Geoffrey Blake

Professor of Cosmochemistry and Planetary Sciences and Professor of Chemistry; Master of Student Houses

Mail Code: MC 150-32
Office: 165A South Mudd
Phone: 626-395-6296
Email: gab@​gps.caltech.edu
B.S., Duke University, 1981; Ph.D., Caltech, 1986. Assistant Professor of Cosmochemistry, 1987-93; Associate Professor of Cosmochemistry and Planetary Sciences, 1993-97; Professor, 1997-99; Professor of Cosmochemistry and Planetary Sciences and Professor of Chemistry, 1999-. Deputy Director, Owens Valley Radio Observatory, 2000-06; Master of Student Houses, 2009-.
Research Areas: Chemistry

Research Interests

Observational analyses of stellar and planetary genesis; in situ characterization of the Earth's atmosphere and biogeochemical cycles; laser spectroscopic and ab initio characterization of weakly bonded clusters and reactive intermediates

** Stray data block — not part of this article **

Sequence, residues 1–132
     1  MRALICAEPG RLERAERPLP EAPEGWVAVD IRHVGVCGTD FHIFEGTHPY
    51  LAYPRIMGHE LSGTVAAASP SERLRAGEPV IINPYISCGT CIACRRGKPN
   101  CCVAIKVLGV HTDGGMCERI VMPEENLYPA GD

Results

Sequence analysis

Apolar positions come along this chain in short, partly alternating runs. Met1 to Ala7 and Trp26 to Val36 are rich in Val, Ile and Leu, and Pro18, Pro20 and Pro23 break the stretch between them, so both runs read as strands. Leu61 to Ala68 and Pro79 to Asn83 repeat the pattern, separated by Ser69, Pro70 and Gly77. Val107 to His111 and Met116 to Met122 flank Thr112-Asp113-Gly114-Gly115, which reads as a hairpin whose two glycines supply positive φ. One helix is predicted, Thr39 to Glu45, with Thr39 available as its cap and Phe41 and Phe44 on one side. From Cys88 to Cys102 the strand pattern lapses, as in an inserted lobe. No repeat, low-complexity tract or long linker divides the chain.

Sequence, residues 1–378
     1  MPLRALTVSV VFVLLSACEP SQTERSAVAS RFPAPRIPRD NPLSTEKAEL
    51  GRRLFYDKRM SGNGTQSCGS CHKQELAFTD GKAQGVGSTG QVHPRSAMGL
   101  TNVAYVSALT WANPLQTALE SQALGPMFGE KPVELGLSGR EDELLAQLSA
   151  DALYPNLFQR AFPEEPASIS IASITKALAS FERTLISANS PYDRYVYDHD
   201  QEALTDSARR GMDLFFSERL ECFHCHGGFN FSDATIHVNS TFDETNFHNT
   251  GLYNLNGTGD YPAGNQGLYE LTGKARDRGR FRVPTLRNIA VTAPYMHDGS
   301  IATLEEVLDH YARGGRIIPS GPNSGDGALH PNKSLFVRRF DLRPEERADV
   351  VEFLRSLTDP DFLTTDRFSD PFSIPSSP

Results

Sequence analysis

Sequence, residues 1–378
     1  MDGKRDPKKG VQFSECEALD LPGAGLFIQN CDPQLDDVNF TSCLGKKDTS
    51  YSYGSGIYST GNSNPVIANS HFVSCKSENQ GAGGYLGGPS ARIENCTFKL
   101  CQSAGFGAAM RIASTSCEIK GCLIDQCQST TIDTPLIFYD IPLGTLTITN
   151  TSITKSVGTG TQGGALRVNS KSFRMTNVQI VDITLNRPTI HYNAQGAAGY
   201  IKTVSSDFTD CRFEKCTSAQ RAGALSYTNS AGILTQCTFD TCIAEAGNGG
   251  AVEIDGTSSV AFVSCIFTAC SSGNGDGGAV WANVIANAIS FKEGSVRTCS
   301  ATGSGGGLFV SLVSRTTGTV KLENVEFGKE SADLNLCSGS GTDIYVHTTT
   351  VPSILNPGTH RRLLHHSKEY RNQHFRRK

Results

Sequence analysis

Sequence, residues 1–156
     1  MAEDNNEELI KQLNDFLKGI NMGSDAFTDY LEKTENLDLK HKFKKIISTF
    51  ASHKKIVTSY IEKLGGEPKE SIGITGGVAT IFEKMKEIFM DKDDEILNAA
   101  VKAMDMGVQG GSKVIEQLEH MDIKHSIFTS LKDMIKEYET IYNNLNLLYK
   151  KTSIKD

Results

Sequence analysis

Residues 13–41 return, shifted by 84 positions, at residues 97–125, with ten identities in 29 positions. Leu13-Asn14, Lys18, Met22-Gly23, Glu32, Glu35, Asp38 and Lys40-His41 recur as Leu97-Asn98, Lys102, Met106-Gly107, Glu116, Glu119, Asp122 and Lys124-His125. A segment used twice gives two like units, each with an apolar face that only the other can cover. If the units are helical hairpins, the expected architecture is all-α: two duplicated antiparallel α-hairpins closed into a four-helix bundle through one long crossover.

Dual Affiliation with Geology and Planetary Sciences

Assistant: Ulrika Terrones

Complexity is a hallmark of the natural world. For cosmochemical and geochemical systems this complexity often extends to the molecular level. During the past decade tremendous strides have been made in the chemical sciences as advances in microelectronics, lasers, materials science, etc. have all converged to produce instrumentation of unparalleled speed, sensitivity, and flexibility. For the most part these advances have been driven by technological considerations, but the application of state-of-the-art chemical techniques to astrophysics and to the earth and planetary sciences holds the potential to revolutionize the analysis of complex natural materials.

The Blake group applies innovative spectroscopic tools to investigate the chemical and physical processes that operate in natural environments ranging from the interstellar medium to the heart of living cells. The ultimate goal of this work is a detailed understanding of the evolution of molecular diversity from atoms in the interstellar medium or from simple chemical precursors in laboratory syntheses to complex molecules and aggregates throughout the solar system, in life, and in the devices utilized by man. We carry out both remote sensing and laboratory studies, and we are actively developing new spectrometers across the Terahertz (THz, 30-1000 μm) region of the electromagnetic spectrum, with active research in three major scientific areas.